I have a Twitter habit. It’s the first place I check the news and where I browse to find current information and debates on my hobby horses of counselling, education and dogs doing surprisingly human things. I have curated a timeline of wry, gentle souls; they form an imagined community who broadly reflect back to me my world view and add evidence to support it. There are a few outliers (well, one – Donald Trump) who adds extremist grist to my liberal mill. My own tweets are few and far between and are usually noticed by a tiny coterie of friends and family.
A couple of weeks ago, on the day that Julian Assange emerged from the Ecuadorian embassy, I did some Twitter ‘whataboutery’. There was a post from Jeremy Corbyn, pleading that Assange should not be extradited to the US. Whilst I was not disagreeing with that sentiment, to me the most prominent aspect of Assange’s story was that he had sought asylum in the Ecuadorian embassy when facing extradition to Sweden to answer charges of sexual assault. I replied to Corbyn’s tweet to that effect, in the way that when I’m on my own I sometimes say what’s in my head out loud; not in the expectation of a reply, but just to externalise a troubling thought. I wrote: ‘He was arrested for skipping bail on sexual assault charges. Does that not matter?’ Naively, I thought what I’d written would go unnoticed and was not controversial. It wasn’t and it was. For a couple of days, my two sentence tweet came back to me in Twitter mentions and replies which fell into three categories: broad assent (yes, the assault charge matters); disagreement – he wasn’t charged, the charges were dropped, it wasn’t rape, it doesn’t matter, it was a smear, women are all the same; and entreaties that I shouldn’t believe ‘the MSM’ and that I should ‘do some research’ to find the truth (by following the sound of rustling tin foil?). My favourite was the man who ‘outed’ me as a Liberal Democrat because I’d previously posted a picture of a new yellow cushion. I’m glad to report that that’s the worst he could find in my social media trail.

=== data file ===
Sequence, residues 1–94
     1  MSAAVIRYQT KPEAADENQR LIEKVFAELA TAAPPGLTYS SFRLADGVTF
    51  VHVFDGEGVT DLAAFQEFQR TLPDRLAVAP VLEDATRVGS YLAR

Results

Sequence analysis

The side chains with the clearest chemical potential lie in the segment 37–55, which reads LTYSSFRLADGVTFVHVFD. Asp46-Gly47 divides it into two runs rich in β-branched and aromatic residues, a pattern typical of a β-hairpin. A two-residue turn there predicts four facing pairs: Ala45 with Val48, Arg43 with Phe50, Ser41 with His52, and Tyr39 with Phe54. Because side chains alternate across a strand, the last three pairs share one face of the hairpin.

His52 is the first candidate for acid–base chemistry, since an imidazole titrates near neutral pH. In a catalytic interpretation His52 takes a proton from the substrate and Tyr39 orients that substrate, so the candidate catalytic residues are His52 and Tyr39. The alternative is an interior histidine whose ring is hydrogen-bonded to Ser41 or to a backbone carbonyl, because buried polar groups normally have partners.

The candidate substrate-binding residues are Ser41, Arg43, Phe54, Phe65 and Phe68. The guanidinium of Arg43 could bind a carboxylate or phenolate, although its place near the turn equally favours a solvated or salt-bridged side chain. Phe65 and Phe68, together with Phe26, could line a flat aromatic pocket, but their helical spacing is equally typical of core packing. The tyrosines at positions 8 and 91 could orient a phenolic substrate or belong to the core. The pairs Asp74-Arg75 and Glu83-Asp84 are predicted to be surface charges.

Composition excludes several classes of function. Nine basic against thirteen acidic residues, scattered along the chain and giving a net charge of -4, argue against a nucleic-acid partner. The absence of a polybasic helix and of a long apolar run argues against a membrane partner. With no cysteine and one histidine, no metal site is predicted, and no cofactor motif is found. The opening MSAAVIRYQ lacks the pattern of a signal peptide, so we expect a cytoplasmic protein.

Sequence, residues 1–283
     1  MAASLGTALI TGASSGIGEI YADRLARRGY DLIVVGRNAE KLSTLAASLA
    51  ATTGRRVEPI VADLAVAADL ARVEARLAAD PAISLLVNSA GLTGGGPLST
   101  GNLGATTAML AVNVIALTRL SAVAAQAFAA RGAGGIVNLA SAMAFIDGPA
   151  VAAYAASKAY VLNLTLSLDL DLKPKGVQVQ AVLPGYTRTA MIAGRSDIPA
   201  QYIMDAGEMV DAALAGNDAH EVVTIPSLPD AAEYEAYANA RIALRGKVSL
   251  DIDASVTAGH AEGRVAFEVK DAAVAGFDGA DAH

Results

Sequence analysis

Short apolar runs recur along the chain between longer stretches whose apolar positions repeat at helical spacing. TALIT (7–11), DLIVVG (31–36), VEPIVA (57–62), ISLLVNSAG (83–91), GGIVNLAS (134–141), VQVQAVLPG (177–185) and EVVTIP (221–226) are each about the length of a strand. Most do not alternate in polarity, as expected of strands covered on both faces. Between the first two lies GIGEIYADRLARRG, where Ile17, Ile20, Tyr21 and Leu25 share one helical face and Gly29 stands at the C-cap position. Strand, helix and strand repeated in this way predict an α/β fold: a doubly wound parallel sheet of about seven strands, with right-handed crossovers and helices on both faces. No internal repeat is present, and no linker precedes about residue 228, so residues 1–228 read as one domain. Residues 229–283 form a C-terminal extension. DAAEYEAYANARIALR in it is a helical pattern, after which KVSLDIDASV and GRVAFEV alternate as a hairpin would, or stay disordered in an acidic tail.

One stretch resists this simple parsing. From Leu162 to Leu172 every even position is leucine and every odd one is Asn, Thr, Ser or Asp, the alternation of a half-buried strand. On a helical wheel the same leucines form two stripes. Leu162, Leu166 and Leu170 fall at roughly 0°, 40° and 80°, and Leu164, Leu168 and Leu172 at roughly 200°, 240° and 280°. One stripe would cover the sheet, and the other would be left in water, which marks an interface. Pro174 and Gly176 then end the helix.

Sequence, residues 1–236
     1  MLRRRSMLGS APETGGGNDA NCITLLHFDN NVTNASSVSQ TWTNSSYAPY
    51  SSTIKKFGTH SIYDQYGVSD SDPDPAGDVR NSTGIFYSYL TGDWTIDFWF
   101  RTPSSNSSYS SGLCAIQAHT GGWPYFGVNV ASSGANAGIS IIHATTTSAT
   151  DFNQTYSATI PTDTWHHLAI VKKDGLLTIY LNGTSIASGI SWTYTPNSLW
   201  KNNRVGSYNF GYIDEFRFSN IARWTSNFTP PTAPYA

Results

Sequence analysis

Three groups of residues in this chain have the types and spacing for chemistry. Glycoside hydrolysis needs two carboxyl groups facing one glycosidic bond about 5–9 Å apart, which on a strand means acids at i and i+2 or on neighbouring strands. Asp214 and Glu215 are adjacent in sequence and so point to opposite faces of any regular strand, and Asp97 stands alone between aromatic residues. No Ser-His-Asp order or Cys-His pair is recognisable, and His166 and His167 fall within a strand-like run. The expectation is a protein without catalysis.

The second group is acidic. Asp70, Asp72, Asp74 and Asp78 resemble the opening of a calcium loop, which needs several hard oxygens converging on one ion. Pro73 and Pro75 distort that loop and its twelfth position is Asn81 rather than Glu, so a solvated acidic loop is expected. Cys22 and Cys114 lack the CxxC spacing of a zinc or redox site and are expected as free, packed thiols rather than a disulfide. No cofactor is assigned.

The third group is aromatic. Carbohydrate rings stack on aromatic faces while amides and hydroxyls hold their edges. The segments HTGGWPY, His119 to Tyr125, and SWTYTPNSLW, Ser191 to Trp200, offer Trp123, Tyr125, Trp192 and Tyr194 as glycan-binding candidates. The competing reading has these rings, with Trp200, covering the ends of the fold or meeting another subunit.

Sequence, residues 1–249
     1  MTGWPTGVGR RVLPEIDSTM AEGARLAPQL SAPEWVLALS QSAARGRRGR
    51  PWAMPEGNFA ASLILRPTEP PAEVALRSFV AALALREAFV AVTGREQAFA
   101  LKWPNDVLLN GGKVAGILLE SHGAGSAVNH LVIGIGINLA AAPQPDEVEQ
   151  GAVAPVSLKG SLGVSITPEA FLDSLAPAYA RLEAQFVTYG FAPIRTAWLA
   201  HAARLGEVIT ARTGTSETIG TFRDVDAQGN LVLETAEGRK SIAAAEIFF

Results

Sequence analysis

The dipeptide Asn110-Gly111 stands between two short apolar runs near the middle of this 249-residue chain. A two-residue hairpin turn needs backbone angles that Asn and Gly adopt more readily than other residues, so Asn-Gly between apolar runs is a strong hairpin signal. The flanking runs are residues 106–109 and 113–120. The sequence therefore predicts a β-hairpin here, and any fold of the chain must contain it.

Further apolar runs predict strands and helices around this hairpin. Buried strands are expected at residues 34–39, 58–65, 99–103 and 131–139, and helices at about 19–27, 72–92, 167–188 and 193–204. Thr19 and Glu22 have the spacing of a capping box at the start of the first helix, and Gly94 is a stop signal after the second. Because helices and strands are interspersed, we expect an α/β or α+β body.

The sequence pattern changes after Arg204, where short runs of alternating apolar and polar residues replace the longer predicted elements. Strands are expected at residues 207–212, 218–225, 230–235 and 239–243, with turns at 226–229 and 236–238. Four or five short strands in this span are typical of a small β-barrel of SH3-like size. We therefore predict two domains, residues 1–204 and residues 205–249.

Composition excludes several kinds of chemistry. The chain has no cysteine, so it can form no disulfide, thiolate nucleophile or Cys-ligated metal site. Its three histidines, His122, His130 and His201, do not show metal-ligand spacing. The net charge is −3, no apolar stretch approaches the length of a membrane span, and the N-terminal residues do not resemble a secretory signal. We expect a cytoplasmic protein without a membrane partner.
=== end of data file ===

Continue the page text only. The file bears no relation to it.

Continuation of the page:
It was an unnerving experience and I’m writing about it here to recover my nerve. I know social media is bursting with misogyny and conspiratorial thinking but I was taken aback when that seeped into my normally benign Twitter feed. I warily squinted at the replies, didn’t engage in any arguments (though others did, as though I wasn’t there) and just let the ‘debate’ peter out. I felt, by turns, foolish, exposed, vulnerable, outnumbered and silenced. As I belatedly realised, Assange has a following whose raison d’etre is to induce such feelings and plenty of other women who spoke up faced more personal and hostile responses. But if just naming an issue that it is on public record (that Assange sought asylum from extradition to Sweden where he faced charges of sexual assault) can provoke such a backlash, what courage must it take to speak up about one’s own experiences of sexual assault? I am not making some trite comparison between my two-day twitter upset and lived experiences of sexual assault. This episode simply reiterated to me was that there are many ways for perpetrators of sexual violence to belittle, undermine and silence survivors. The bigger shock is that there are so many bystanders willing to join in, to tell us ‘there’s nothing to see here’, that the ‘important, real thing’ that must be addressed first is ‘over there’. Uncomfortable though speaking out can be, we mustn’t let theirs be the only voices. Survivors of sexual assault do matter and perpetrators and those charged with being perpetrators must be held to account. In case anyone’s in any doubt, those are facts, not matters of opinion.